Tuesday, July 11, 2017

Of Such Stuff, Facts are Made: The Case of the "Dolphin"

Editor's note: The nation recently observed Independence Day. It is a time when, aside from cookouts, parades, and fireworks displays, we remember those whose sacrifices during the American Revolution bought the freedoms that the United States Navy defends today.  It is with this in mind that the author addresses what has been called "the worst loss in the short history of the Virginia navy...." during that war. 

By J. Huntington Lewis
HRNM Docent & Contributing Writer

Photographic Illustration by J. Huntington Lewis

... John Cowper commanded a vessel of War, and that during the War of the Revolution whilst at Sea the said vessel was sunk by the British and all hands perished. That this deponent understood he went to sea with his colours nailed to the mast head, with a determination not to strike the same to the enemy and all that was heard of him afterward was that a vessel answering to the description of one under his command attacked a vessel of the enemy of Superior force, and was sunk with the coulours flying at the mast and all hands perished.
- Sworn statement of John C. Cohoon to John B. Benton, Nansemond County, June 12, 1839, in "Claim for Service of Simon Harris," VAS12, Southern Campaign American Revolution Pension Statements and Rosters  

In December 1839, the heirs of Dr. Simon Harris submitted a petition to the State of Virginia, claiming that Dr. Harris never received the land bounty promised to him by for his service on the Dolphin, a vessel of the Virginia State Navy during the Revolutionary War, and that they were entitled to that land bounty.  John C. Cahoon of Suffolk, the grand nephew of John Cowper related this story (above) in a letter supporting the petition saying that “He had no knowledge of the service of his grand-uncle, further than what has been handed down as a matter of family tradition, and from this source he has always heard from his earliest infancy.”

James Murdaugh, a prominent Portsmouth lawyer, submitted a related petition in March 1840 for an heir of John Cowper. Attached to that petition was a letter from Commodore James Barron who wrote that “I hereby certify that I was well and personally acquainted with Capt John Cowper of Nansemond County, Virginia. He perished at sea sometime during the Revolutionary War as well as I can recollect in the year 1779...the entire crew of his vessel perished with him.”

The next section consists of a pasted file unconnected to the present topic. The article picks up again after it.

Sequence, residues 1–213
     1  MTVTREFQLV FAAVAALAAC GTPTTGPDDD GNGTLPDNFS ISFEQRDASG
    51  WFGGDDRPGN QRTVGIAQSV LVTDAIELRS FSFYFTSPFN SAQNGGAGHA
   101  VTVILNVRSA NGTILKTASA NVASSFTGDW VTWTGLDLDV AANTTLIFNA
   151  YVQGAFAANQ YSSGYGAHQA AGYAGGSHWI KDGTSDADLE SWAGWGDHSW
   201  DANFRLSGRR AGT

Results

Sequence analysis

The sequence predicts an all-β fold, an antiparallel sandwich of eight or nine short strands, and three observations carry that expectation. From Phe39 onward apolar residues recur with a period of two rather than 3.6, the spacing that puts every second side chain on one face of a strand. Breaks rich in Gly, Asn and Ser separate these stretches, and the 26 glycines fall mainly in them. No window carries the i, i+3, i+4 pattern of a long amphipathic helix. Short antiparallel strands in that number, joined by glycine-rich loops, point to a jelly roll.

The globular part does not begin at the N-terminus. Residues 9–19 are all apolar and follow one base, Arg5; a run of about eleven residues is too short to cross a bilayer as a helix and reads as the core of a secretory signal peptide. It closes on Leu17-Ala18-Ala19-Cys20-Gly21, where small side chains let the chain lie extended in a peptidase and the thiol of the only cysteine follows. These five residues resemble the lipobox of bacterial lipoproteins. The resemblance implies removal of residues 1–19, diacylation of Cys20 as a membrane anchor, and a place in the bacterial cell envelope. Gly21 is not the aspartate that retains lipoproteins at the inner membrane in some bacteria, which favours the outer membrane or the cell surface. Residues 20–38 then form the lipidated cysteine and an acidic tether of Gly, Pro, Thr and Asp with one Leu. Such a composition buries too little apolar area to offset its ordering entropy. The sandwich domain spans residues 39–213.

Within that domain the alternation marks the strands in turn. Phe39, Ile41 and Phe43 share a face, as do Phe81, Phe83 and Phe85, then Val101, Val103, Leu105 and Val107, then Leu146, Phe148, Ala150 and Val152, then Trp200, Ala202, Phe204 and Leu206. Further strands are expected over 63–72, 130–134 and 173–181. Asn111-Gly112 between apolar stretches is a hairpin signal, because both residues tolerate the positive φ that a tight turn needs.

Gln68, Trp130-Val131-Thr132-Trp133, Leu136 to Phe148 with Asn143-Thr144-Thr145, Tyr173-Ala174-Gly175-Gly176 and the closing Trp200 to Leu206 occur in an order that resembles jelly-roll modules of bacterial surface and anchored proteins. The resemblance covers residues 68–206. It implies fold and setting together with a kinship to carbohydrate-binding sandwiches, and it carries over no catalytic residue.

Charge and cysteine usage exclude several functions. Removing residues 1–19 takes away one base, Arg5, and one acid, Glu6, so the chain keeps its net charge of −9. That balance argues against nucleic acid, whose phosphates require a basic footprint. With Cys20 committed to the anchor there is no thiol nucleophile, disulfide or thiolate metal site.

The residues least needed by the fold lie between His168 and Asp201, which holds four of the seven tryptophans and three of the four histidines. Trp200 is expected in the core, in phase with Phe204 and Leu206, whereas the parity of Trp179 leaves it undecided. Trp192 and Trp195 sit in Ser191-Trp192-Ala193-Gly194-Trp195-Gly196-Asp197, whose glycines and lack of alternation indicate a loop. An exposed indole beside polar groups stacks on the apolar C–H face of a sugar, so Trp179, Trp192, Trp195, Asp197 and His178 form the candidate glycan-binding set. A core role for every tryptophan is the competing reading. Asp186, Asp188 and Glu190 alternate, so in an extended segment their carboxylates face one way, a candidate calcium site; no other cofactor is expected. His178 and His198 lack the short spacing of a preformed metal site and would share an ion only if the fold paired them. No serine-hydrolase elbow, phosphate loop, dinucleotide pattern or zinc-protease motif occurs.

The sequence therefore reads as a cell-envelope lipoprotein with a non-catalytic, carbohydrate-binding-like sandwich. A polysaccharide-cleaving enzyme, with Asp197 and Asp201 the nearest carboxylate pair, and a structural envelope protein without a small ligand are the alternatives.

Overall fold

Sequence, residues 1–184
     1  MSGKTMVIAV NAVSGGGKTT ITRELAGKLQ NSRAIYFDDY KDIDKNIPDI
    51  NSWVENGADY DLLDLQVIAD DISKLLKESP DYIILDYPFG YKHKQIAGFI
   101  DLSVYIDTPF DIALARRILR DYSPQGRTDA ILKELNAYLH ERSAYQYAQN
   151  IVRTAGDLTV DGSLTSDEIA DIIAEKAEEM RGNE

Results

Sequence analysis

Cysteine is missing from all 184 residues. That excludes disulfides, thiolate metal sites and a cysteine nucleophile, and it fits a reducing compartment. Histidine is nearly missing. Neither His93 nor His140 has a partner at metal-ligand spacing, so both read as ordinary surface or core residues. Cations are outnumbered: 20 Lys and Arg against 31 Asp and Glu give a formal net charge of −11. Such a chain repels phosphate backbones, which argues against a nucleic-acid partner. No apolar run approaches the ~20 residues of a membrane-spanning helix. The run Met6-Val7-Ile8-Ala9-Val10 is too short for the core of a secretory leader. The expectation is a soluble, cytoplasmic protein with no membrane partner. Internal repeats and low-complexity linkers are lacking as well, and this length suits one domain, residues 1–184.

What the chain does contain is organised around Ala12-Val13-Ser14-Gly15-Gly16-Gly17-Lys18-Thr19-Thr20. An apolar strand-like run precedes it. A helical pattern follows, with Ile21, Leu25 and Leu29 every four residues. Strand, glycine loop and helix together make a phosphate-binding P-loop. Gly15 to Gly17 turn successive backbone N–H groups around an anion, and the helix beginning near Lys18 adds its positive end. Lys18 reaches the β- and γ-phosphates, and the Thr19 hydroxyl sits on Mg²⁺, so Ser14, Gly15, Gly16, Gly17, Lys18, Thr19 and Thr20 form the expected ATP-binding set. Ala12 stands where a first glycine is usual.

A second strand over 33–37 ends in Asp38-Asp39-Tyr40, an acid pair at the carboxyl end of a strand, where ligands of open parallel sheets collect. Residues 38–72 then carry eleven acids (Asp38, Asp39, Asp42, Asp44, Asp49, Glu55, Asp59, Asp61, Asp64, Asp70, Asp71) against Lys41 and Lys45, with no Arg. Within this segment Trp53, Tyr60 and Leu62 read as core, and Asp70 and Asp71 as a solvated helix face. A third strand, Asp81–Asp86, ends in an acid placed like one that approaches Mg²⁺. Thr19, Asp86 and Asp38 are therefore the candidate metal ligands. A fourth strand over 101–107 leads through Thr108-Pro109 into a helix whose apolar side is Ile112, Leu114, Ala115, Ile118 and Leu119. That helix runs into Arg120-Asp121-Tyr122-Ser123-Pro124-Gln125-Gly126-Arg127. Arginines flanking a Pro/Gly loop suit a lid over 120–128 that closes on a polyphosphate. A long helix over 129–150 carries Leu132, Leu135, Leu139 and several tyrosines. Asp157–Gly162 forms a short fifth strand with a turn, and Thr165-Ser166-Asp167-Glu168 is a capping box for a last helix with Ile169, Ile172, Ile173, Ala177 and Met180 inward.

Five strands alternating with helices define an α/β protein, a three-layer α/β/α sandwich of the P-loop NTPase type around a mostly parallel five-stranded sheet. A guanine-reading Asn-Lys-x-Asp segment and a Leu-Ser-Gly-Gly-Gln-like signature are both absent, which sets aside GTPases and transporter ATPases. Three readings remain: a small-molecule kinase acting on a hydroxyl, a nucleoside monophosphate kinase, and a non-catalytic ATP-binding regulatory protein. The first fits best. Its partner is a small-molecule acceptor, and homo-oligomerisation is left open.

The story of Captain John Cowper and the Dolphin resurfaced in the January 1857 issue of the Southern Literary Messenger, within an article by Dr. W. P. Palmer entitled, “The Virginia Navy of the Revolution.” Palmer described in florid prose an engagement between Dolphin and two enemy vessels, adding that those who witnessed it from a great distance said “that the fight was long and doubtful, so far as they could judge; that at length two of the vessels were seen suddenly to sheer off to the eastward, leaving no vestige of the third, and they most naturally concluded that she was sunk in the action.” He estimated that the occurrence took place in late 1779 or early 1780. The article was not footnoted.*

In 1934, Robert Armistead Stewart's The History of Virginia's Navy of the Revolution retold the story with brevity. The book was not footnoted; yet in his preface, Armistead stated that his sources were various archives and Palmer's article in the Southern Literary Messenger. When the story of the loss of the Dolphin is related by later authors, it is Stewart's book that is most often given as a factual source.

But is the story true?

Did it really happen?

In all probability, no.

Here is why:

1.      The incident was supposed to occur within distant sight of Fort Monroe (Old Point Comfort at that time.) Yet there are no contemporary accounts.  The Virginia Gazette makes no mention of the battle, yet a battle of such nature would have surely been reported.